The music business can be a harsh place at the best of times. Just ask The Sunshine Underground. Four years ago they were one of this country's hottest musical tips, having been paraded alongside Klaxons as figureheads for the so-called 'New Rave' movement. One lukewarm received debut album followed by almost three years of inactivity and the Leeds based foursome are in danger of becoming the nearly and forgotten men of a scene that expired almost as quickly as it began.
It's probably a good job, then, that The Sunshine Underground never really fitted into that pigeonhole. Sure, they may have utilised the odd cowbell or two and owned a Rapture album between them, but there was always a nagging suspicion that their roots lay more along the lines of traditional rock, with the ultimate ambition seemingly fixated on stadium-sized ventures a la Oasis or U2. Of course we can all dream, and to their credit, The Sunshine Underground display a maturity here on at least half of the ten songs that make up Nobody's Coming To Save You that suggests the day-glo accessories have been dispatched to the back of the wardrobe, for the time being at least.
Whereas predecessor Raise The Alarm hinted at a band more than capable of their aims should they discover an identity of their own making, Nobody's Coming To Save You feels like a half-realisation of a record that borders on the euphoric but still ends up lost in its own state of musical schizophrenia, particularly as it reaches its disappointing (anti)climax.
Frontman Craig Wellington owns a set of pipes both impressively opulent and distinctive, which characterises Nobody's Coming To Save You throughout, particularly its stronger moments. Indeed had just the first five songs here been released as an EP, The Sunshine Underground could be looking at a much higher marking than the average '6' this record's scorecard finds itself emblazoned with. Opener 'Coming To Save You', with its optimistic us-against-them warcry is a barnstorming way to kick off any album, and Wellington's potent voice coupled with an energetic fervour created by Stuart Jones' guitar implies the four-year wait between albums could be worth the while. Likewise the thudding percussion of 'Spell It Out' and funk-driven anthem qualities of 'We've Always Been Your Friends'; at this stage the record is actually looking like being one of 2010's most surprisingly inspired comebacks. However, even on the bombastic Clash-like bravado of 'A Warning Sign', possibly Nobody's Coming To Save You's standout moment, there's a nagging doubt that the band's confidence in their own abilities don't quite match up to their ambitions, Wellington pleading "I can't wait any more, don't run me out of time" over the song's mournful coda.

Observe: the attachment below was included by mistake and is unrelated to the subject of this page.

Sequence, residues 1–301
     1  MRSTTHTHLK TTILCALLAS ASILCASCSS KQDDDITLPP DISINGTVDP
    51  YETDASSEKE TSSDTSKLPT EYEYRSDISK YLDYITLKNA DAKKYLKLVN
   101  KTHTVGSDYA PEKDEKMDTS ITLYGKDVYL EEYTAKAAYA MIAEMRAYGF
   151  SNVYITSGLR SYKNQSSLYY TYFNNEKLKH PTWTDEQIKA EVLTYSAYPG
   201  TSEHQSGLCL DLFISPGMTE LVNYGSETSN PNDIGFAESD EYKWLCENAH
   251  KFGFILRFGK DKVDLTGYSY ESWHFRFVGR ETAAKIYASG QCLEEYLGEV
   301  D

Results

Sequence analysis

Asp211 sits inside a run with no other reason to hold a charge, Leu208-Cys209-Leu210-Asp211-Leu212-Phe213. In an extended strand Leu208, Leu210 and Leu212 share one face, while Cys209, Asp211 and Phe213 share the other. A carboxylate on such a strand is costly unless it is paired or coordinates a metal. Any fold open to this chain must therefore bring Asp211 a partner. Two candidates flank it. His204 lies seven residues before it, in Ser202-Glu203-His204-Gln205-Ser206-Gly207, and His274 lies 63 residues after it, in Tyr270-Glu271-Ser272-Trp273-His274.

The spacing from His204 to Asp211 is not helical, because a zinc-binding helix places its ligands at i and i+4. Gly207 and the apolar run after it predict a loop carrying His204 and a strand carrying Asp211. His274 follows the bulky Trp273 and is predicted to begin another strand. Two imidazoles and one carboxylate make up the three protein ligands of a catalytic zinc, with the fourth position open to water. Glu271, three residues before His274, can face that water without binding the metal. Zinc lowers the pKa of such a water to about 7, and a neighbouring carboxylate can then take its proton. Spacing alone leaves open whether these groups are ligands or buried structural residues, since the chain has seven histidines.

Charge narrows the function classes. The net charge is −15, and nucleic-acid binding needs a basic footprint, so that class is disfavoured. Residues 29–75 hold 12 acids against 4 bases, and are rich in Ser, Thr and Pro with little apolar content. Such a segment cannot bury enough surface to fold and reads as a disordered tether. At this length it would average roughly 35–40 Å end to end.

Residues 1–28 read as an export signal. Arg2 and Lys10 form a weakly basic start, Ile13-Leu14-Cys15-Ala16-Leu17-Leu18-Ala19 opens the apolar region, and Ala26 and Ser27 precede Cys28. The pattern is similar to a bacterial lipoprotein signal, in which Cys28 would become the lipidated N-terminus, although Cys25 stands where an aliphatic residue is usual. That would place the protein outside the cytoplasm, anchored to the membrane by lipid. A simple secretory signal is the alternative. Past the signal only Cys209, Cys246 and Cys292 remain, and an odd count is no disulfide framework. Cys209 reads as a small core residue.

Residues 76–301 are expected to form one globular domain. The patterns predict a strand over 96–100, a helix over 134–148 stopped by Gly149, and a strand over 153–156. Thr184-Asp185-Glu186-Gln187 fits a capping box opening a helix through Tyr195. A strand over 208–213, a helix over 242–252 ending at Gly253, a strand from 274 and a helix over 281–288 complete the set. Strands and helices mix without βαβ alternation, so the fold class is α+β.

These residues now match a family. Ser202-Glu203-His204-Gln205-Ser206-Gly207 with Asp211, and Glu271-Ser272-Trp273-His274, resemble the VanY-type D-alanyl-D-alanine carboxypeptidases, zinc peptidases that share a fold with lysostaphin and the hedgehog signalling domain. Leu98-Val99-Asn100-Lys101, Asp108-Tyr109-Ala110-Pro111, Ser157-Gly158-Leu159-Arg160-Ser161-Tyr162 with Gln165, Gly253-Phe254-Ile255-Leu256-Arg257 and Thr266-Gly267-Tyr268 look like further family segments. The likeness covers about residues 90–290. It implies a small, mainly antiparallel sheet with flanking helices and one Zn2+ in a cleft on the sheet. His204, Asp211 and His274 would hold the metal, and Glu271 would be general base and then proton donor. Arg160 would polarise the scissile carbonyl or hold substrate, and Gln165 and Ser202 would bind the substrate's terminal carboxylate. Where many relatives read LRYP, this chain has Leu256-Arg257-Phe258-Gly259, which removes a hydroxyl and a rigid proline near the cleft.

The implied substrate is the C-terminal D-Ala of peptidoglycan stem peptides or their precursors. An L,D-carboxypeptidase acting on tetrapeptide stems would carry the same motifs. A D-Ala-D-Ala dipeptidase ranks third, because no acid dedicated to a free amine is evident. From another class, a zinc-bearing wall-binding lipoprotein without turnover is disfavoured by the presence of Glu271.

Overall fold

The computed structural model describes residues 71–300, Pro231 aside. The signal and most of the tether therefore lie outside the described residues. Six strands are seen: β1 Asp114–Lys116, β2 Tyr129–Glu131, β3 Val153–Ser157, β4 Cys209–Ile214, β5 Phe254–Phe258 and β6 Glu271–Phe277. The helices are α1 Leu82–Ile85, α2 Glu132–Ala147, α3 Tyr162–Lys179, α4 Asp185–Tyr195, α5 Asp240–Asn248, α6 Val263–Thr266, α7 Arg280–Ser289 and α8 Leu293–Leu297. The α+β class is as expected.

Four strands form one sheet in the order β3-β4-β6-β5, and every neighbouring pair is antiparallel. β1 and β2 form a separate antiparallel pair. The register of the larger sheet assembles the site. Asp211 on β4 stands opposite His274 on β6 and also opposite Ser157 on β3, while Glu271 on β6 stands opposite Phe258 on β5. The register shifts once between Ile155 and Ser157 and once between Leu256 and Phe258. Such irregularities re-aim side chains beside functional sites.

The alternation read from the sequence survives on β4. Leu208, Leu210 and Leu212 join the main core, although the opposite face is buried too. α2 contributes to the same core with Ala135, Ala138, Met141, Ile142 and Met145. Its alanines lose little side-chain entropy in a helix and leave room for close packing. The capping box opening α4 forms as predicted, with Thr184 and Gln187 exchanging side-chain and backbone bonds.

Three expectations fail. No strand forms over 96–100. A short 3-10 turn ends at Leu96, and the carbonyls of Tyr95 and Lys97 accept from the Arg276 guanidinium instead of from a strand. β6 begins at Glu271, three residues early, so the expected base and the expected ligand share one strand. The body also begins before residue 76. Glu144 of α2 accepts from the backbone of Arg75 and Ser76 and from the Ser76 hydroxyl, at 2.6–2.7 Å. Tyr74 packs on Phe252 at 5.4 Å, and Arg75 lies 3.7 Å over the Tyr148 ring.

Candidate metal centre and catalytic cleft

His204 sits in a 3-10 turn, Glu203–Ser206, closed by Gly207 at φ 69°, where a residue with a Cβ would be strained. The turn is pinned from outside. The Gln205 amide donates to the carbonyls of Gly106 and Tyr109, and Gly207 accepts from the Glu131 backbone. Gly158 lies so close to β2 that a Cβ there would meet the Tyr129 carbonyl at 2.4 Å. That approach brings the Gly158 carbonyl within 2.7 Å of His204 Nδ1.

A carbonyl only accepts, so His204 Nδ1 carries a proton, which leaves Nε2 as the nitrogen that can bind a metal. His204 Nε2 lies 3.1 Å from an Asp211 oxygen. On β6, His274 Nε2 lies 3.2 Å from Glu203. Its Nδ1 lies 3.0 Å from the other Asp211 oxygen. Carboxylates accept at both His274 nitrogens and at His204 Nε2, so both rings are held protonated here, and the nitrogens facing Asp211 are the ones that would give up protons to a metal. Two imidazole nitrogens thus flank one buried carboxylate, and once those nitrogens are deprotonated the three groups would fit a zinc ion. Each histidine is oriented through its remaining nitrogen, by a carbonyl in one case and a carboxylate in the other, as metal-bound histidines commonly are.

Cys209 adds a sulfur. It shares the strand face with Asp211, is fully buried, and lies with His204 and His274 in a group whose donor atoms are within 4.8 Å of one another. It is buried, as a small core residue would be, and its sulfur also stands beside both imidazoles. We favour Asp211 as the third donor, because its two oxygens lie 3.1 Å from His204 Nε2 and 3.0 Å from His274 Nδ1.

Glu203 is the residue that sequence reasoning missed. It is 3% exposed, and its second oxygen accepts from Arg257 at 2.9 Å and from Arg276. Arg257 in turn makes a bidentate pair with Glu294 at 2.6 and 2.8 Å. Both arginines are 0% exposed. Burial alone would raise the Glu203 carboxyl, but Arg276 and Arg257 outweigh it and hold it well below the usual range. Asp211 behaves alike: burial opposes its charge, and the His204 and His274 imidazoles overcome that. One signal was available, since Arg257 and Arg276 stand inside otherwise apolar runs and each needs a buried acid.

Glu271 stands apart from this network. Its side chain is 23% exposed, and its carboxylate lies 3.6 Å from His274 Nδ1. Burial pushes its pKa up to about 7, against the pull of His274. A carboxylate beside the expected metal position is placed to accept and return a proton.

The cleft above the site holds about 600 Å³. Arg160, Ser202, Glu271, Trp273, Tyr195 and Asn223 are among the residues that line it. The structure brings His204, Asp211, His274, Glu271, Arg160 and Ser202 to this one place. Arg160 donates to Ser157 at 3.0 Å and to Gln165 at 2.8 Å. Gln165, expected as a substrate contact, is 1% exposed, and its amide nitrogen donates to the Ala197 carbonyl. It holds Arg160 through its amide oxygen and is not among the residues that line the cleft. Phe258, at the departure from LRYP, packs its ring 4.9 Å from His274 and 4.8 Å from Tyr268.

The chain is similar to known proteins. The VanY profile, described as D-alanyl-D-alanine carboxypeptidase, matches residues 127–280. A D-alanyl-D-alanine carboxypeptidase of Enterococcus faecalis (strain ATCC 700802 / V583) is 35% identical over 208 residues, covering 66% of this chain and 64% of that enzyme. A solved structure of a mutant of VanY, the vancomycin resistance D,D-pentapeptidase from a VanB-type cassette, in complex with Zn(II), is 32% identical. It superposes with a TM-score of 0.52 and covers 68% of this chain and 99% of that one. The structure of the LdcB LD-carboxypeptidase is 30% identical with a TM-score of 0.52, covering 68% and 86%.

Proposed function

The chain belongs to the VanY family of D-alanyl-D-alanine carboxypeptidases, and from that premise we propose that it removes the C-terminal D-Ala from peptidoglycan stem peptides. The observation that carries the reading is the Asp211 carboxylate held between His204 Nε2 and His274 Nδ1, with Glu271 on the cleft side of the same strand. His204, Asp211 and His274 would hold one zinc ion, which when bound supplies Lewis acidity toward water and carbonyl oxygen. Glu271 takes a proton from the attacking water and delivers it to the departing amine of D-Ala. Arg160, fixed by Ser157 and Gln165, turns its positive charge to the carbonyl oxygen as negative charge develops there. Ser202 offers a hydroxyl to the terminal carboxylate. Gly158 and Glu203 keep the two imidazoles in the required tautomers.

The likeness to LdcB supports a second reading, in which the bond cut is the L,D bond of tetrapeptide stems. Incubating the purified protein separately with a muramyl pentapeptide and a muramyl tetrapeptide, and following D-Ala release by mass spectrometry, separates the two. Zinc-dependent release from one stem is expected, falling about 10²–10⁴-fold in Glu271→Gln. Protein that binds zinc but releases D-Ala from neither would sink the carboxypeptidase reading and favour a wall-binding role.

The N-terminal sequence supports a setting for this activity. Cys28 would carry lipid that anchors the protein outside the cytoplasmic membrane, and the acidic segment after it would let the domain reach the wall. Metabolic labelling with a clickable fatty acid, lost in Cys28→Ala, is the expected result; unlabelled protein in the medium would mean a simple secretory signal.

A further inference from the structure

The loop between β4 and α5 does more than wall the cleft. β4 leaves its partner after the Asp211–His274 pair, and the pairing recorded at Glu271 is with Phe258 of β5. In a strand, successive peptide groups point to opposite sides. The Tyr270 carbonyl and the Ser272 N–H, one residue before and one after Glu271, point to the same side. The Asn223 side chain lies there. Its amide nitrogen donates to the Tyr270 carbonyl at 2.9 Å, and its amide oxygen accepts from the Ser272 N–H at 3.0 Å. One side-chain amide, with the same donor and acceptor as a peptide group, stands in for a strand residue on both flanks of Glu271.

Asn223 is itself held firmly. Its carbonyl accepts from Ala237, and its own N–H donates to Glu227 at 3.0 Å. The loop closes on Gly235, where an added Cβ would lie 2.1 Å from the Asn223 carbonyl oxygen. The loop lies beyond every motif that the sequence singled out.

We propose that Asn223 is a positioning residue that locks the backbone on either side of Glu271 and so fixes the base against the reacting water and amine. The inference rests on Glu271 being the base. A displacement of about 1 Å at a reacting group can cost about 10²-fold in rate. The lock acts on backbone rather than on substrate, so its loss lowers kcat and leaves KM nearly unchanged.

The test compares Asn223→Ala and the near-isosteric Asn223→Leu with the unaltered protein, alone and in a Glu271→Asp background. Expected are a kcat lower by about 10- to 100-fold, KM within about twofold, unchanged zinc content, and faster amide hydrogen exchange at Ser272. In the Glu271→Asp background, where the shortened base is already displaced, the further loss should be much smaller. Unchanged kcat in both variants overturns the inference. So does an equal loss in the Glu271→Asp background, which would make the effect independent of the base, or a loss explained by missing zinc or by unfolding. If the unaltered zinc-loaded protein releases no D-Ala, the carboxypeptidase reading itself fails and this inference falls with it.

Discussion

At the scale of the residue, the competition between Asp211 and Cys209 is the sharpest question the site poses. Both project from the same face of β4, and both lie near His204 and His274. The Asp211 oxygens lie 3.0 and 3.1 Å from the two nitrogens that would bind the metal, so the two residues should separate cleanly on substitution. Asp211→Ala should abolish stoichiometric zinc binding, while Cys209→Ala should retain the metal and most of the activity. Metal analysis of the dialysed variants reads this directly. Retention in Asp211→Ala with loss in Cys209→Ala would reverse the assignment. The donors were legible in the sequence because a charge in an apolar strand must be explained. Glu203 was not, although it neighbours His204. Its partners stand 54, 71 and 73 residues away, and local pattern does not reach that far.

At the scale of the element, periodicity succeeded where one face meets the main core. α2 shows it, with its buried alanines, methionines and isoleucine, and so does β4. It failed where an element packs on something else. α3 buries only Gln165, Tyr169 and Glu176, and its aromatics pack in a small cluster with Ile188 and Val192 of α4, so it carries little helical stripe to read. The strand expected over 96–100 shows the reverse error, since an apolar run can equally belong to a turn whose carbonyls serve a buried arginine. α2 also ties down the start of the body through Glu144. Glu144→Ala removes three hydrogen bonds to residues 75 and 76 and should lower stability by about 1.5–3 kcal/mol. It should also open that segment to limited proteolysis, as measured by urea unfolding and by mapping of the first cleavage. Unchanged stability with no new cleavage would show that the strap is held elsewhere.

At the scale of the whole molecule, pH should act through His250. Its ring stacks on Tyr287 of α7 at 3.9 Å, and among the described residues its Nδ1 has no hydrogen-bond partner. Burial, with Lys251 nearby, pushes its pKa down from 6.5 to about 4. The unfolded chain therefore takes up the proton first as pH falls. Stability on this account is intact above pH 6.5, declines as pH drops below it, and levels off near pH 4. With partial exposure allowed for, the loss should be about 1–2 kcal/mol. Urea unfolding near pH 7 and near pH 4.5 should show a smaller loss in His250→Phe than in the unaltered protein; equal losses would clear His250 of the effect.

Sadly from hereon in, the nagging doubts merge into maudlin irrelevance. The clumsy 'Change Your Mind' sounds like LCD Soundsystem if James Murphy had found solace in the wares of baggy also-rans Airhead and The Milltown Brothers, while 'Any Minute Now' is just an exercise in middle-of-the-road bluster without any real substance. 'Here It Comes', meanwhile, is the kind of tune we'd expect to hear soundtracking The Football League Show on a Saturday evening, and that analogy sums up both band and record; despite the grandiose expectations there's little here to lift The Sunshine Underground out of the lower leagues. Even though Nobody's Coming To Save You tries its damnedest to succeed in delivering a change for the better, its creators need to make up their collective minds once and for all as to what direction they wish to take. The second half of this record's prolonged bouts of indecision can only lead to one, solitary destination: nowhere.
6Dom Gourlay's Score